The selection of Larry Webster in the fourth round by the Lions is a bit more puzzling. Mind you, I don’t have much film on him: there are only two games available on Draft Breakdown, both against the same opponent. So perhaps he looks like Lawrence Taylor in other games (I can dream), but against the great Shippensburg University (who? what? where?), he only flashes here and there. If you look at Webster’s combine performance, the pick starts making more sense; he measured in at 6’6″ and 252 lbs., ran a very speedy 4.58 40, with an incredible 36.5″ vertical. Hey, maybe he can play tight end if Eric Ebron doesn’t work out.

Larry Webster is positively primordial in his development. The first tape I looked at was his 2012 game against Shippensburg. It ain’t pretty. On this play, Webster does ‘beat’ the left tackle inside, but he’s standing straight up, allowing the tackle to simply control his momentum and drive him completely out of the play. Now this does force the quarterback to climb the pocket before making a strike downfield, but I don’t think I’d call it a ‘good’ play from Webster. On the very next play, Webster once again is too tall when he meets the tackle, and this time, he’s also slow as molasses off the snap: just look how far away he is from engaging at the 1:26 mark. Yikes. These two traits of being too tall and too slow are common themes of his play in this game. Not only that, the steps he takes in his pass rush are very short and purposeless, as in this play, where he once again engages incorrectly.


The above is a frame from the last play. It’s at the point of contact or engagement. The yellow line represents where his weight is distributed. I don’t have a compass on me to measure it, but it doesn’t take a physicist to understand that this is not how you want to engage a blocker. His left foot isn’t even on the ground. Webster meets the blocker with barely any force. A better tackle could plant him into the dirt here. Pancakes for all. For comparison’s sake, watch the speed and efficiency of Barkevious Mingo’s steps in this play against Clemson. Now, yes, he was the #6 overall pick in the draft last year, but he was considered a raw prospect; this is why I used the word “primordial” to describe Webster.

Fortunately, it gets better. In Webster’s 2013 game against Shippensburg, he’s still making similar mistakes, except now we can see flashes of that athleticism and a better grasp of the game. I’ll focus on the positives here. The first thing of note is that in many plays he’s now standing up before the snap, whereas in the game the prior season he played entirely with his hand down. Did you watch the Mingo play earlier? Well, notice on this play how Webster wastes no motion on an inside move and blows by all the blockers, forcing the quarterback to roll to his right and throw a quick pass. At no point in the 2012 game did he show off this kind of burst or fluid motion. Now at least he’s flashing.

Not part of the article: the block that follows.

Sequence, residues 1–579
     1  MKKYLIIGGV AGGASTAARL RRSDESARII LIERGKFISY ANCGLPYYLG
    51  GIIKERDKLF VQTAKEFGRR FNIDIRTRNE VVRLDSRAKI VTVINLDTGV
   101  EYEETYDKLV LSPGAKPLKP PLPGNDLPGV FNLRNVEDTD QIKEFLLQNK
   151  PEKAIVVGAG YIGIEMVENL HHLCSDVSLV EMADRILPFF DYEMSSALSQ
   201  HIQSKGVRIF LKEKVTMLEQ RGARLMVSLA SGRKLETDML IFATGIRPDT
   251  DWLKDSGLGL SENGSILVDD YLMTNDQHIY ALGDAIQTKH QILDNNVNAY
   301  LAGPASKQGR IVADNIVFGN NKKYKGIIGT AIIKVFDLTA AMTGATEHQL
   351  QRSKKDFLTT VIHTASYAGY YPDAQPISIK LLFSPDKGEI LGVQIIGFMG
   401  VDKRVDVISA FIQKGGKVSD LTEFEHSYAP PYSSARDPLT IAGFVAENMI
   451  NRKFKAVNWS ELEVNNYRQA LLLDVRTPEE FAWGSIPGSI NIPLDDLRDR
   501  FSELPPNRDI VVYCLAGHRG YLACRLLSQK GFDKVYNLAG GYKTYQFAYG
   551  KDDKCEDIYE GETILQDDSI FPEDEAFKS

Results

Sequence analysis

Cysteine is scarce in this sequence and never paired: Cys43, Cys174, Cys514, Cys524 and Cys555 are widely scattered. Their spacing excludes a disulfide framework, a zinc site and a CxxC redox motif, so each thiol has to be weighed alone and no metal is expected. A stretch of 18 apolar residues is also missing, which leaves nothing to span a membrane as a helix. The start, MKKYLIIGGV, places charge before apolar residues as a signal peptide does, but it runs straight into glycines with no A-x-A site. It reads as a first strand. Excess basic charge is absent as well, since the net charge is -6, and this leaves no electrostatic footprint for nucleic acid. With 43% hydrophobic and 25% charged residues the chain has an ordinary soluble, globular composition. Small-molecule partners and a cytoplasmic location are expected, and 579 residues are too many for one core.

On this play, Webster gets a sack. He’s still playing too tall, but at least he’s shooting his hands into the right tackle’s chest, which allows him to toss the tackle aside and bend around the corner for a sack. Will this work in the NFL? No, but it’s an improvement. Right here is a play that will translate to the pros: Webster again explodes off the snap, and he uses his right hand to swat the left tackle’s left shoulder, which gives him the momentum to bend around the edge, allowing him to “dip” under the tackle and nearly get a sack. And here the exact same move does lead to a sack.

If you watch the entire 2013 game, there are more good plays, and yet, he still has more plays where he’s playing too high or he’s slow off the ball. Larry Webster manages to look sluggish and awkward one play and explosive and talented the next. Seeing as he looked in the 2012 game like a player that had essentially no ability, and in the 2013 game he’s flashing an awful lot of ability, the pick starts to make sense as you picture him showing that athleticism more consistently and developing skills to go with it. I’m not going to ask if he was selected too high relative to other athletic pass rushers, because Larry Webster is the one who is on the team. From what I can gather, he seems a ways from being any kind of impact player, but the Detroit Lions did have some success with a similarly athletic, lanky fourth-round project in Devin Taylor last season. Lions fans will be rooting for the same kind of improvement for Webster.



By picking Kyle Van Noy and Larry Webster, the Detroit Lions added some much needed pass rushing talent on the outside. They already have it in spades at defensive tackle. As for the rest of their 2014 draft class, they picked up a big bodied receiving tight end in Eric Ebron. They got younger and bigger at center with Travis Swanson. In the fifth round, they went searching in the Ivy League for standout defensive tackle Caraun Reid. With their final selections, the Lions tried to add some depth at cornerback and receiver. And of course, Detroit went and drafted a kicker with their seventh-rounder. While I’m not so sure the Lions picked the best players available at each turn, they did address major needs for the team.